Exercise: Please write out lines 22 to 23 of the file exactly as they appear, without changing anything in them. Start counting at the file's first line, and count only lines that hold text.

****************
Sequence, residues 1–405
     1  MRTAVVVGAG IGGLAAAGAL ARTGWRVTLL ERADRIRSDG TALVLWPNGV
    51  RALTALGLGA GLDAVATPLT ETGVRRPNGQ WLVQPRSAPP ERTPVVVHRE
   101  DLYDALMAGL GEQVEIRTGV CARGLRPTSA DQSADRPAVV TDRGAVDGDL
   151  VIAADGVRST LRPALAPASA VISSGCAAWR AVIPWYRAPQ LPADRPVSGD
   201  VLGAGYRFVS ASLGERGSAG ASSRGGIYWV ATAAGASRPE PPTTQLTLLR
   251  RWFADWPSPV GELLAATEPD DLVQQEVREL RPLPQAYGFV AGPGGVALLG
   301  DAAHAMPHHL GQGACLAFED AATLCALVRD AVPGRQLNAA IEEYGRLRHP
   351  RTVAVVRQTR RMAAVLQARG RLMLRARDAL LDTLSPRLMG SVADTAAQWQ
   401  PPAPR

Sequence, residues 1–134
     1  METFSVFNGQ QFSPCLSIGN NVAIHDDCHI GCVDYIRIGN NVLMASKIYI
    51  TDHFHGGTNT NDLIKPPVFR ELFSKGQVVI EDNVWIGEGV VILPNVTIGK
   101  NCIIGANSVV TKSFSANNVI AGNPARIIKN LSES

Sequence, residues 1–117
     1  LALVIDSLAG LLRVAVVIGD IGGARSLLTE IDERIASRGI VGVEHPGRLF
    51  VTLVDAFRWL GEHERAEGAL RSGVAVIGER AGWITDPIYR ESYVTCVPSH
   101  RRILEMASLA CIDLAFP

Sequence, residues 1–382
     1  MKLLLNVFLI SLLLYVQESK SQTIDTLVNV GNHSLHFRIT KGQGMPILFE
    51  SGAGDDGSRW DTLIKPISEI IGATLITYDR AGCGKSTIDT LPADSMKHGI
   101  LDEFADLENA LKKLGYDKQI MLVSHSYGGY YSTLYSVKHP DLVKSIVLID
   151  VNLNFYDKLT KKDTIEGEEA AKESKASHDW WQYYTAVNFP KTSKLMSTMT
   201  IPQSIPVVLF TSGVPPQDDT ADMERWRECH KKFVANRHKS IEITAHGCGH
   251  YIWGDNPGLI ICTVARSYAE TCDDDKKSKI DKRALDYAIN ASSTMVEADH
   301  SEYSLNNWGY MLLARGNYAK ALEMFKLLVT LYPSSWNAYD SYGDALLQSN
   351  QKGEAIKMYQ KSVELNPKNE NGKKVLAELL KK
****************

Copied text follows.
   101  LDEFADLENA LKKLGYDKQI MLVSHSYGGY YSTLYSVKHP DLVKSIVLID
   151  VNLNFYDKLT KKDTIEGEEA AKESKASHDW WQYYTAVNFP KTSKLMSTMT